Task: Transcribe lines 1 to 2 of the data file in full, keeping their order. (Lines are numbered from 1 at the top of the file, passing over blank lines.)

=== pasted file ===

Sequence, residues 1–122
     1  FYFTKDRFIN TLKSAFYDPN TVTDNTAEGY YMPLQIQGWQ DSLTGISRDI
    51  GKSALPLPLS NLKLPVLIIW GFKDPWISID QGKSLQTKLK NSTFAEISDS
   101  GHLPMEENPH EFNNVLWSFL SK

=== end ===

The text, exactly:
Sequence, residues 1–122
     1  FYFTKDRFIN TLKSAFYDPN TVTDNTAEGY YMPLQIQGWQ DSLTGISRDI